Karl Alzner got a tweet this morning from a Rangers fan forecasting a repeat of history and certain Caps demise.
So, Josh Bennett (@JoshBenn80), how are you feeling right about now?
For the first time in the Bruce Boudreau era, the Caps have close out a playoff series in less than seven games. Did anyone think that was possible?
Washington took care of business against the Rangers in Game 5 of the Eastern Conference Stanley Cup Playoffs quarterfinals 3-1 to take the series four games to one. The Caps now await the winners of the Buffalo/Philadelphia, Boston/Montreal series’ or the Tampa Bay/Pittsburgh series to see who they play next.
If Buffalo (the No. 7 seed) upsets the Flyers, then the Caps get the Sabres in the semifinals. If Philly comes back and wins, the Caps could play any team from the No. 6 Canadiens (currently tied at two games apiece heading into Game 5 in Boston Saturday night), No.5 Lightning or No. 4 Pittsburgh. Really, whatever is the lowest seed heading into the next round and the Sabres, with a three games to two advantage, look like they could be it.
“There is going to be a little bit of relief. I mean, we are completely different team this year and the whole circumstance is different,” Alzner said. “It is nice to get a round out of the way because I got a tweet, I think this morning, saying something about ‘are you guys ready to choke again and lose.’ I was like, ‘hopefully we will show you’ and now that that is done I am pretty happy about that.”
Do not expect any retort from Alzner, Mr. Bennett
“I probably won’t get into too many Twitter battles. I am sure that person knows that I kind of won that one right there,” Alzner said.
Revisiting the keys heading into the series, a couple major themes emerged from the Capitals on Saturday and they were the reason Washington was able to finally put skate to throat and blow a team out of a series.
Foremost – puck possession.
Washington came out of the gates in Game 5 with energy and, yes, fury and held the puck for almost all of the first period.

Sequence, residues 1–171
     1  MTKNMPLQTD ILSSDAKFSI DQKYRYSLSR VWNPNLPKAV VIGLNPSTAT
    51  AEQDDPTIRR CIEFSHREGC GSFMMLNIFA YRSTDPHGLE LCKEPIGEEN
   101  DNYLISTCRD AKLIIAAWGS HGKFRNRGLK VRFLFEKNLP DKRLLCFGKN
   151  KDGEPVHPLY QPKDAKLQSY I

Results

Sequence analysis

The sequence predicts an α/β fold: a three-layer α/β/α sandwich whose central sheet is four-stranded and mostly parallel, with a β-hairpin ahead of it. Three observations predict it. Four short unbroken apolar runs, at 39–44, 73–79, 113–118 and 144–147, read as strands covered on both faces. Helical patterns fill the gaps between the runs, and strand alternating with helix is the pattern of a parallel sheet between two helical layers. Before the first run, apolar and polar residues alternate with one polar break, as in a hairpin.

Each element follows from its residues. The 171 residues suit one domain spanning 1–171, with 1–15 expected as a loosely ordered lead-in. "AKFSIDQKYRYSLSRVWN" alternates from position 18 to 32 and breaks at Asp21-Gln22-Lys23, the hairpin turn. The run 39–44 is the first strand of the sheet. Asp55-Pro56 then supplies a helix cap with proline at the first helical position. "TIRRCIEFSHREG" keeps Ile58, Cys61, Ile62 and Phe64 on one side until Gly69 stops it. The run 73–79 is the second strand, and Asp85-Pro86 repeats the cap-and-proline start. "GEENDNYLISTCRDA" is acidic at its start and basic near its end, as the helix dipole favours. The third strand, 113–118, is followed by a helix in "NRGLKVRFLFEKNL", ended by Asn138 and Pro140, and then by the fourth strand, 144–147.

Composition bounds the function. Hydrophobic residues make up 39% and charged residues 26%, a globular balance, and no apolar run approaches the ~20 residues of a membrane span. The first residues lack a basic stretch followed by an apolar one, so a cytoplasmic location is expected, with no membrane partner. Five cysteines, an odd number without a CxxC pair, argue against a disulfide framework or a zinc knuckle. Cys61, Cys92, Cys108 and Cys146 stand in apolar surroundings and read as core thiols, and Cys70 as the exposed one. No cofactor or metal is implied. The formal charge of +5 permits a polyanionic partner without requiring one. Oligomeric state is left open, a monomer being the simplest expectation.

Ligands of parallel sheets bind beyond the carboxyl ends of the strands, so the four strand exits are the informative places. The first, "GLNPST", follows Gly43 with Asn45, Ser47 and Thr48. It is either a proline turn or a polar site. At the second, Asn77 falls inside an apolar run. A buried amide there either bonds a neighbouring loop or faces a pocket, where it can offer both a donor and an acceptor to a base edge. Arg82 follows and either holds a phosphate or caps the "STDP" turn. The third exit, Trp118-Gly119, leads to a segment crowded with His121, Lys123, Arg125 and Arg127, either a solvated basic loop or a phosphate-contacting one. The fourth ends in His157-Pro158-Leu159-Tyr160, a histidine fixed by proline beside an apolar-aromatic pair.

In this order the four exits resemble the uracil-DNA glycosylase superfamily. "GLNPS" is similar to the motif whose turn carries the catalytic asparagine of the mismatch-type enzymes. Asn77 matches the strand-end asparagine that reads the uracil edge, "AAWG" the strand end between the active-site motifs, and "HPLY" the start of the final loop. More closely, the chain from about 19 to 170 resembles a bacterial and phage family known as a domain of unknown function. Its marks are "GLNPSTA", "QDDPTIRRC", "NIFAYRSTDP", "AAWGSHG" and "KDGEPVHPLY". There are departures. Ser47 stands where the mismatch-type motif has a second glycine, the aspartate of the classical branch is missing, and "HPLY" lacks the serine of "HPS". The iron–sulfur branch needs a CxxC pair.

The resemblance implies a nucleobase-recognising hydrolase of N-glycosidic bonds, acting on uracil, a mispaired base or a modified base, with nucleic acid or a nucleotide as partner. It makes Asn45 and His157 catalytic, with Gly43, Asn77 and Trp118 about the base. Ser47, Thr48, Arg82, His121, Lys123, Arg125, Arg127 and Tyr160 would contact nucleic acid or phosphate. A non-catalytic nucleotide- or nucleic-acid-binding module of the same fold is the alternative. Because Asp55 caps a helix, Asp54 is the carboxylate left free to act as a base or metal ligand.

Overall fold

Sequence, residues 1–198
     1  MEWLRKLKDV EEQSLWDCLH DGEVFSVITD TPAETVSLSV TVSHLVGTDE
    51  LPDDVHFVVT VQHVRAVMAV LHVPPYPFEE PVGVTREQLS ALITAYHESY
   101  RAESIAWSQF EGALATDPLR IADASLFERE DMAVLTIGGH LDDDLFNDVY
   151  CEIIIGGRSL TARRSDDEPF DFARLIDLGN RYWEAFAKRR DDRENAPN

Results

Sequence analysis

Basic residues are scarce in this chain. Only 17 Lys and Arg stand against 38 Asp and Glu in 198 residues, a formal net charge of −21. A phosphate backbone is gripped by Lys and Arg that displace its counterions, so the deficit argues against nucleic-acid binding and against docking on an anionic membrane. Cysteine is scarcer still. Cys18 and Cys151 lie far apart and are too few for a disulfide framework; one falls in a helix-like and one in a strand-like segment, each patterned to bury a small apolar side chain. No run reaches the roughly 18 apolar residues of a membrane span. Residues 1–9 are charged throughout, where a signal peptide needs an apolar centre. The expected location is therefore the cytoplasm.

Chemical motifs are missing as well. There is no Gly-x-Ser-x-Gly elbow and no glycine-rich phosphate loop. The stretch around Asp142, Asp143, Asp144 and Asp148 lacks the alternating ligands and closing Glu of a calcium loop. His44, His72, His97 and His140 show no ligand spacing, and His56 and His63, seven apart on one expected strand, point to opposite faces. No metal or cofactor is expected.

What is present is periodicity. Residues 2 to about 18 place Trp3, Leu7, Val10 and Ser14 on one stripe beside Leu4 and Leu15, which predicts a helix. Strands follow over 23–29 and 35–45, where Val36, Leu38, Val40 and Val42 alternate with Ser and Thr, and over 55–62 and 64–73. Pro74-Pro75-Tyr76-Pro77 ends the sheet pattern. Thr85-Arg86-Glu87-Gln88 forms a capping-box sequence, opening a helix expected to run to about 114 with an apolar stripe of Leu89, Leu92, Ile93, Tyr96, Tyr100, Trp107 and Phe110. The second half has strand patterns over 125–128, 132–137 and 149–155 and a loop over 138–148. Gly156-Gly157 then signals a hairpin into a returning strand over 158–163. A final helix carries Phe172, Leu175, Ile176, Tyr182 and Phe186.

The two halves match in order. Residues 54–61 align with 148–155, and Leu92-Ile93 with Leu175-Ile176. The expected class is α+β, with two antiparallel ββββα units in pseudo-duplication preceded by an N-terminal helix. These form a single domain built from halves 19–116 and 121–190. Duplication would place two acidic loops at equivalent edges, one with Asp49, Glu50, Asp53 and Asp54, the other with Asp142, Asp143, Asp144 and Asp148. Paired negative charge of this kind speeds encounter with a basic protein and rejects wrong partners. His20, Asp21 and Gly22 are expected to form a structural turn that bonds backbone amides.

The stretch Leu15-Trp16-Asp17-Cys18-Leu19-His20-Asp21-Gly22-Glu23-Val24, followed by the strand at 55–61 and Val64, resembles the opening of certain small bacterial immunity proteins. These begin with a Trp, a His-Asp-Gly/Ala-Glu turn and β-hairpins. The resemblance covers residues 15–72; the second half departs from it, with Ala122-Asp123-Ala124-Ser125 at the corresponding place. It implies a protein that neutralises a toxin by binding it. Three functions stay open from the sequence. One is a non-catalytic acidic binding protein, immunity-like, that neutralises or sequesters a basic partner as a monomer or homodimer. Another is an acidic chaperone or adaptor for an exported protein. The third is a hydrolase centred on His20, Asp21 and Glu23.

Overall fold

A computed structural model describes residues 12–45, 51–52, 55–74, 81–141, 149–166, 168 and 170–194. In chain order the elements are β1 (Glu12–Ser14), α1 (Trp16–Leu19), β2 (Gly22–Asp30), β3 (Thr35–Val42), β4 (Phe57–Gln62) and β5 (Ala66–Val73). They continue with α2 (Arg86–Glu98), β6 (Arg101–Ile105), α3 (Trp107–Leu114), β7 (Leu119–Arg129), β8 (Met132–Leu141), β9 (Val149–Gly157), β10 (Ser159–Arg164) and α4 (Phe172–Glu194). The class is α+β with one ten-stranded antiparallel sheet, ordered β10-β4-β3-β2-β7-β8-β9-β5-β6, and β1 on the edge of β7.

“I thought that we came out like a ball of fire,” defenseman John Carlson said.
Ted Starkey, a writer for the Washington Times, tweeted near the end of the first period that the zamboni would probably not be necessary for the Rangers’ side of the ice.
“They had the puck,” Rangers’ coach John Tortorella said. “We had problems getting the puck away from them. You got to give them some credit.”
If you look at the entirety of the NHL playoff landscape, only two teams have been able to advance to the semifinals from either conference thus far. Outside of home teams not being able to win games, the two teams with the best puck possession over the course of a series are the ones that have moved on. Detroit, which pretty much founded the NHL version of puck possession hockey, swept the Coyotes out in four games. Now the Capitals have used the puck possession style to win Game 5. It was not like that the entire series, but it goes to show that it is a winning formula when your defensemen can get through the neutral zone and your wings play chip-and-chase and cycle well in the corners.
Mike Green got the Caps on the board first with a scrum goal that went off of New York center Brandon Dubinsky and erupted into a melee after the fog horn, sending five players to the box (two from each team for roughing and a bench minor on the Rangers) at 5:49 in the first period. Washington set the tone and kept at it all game.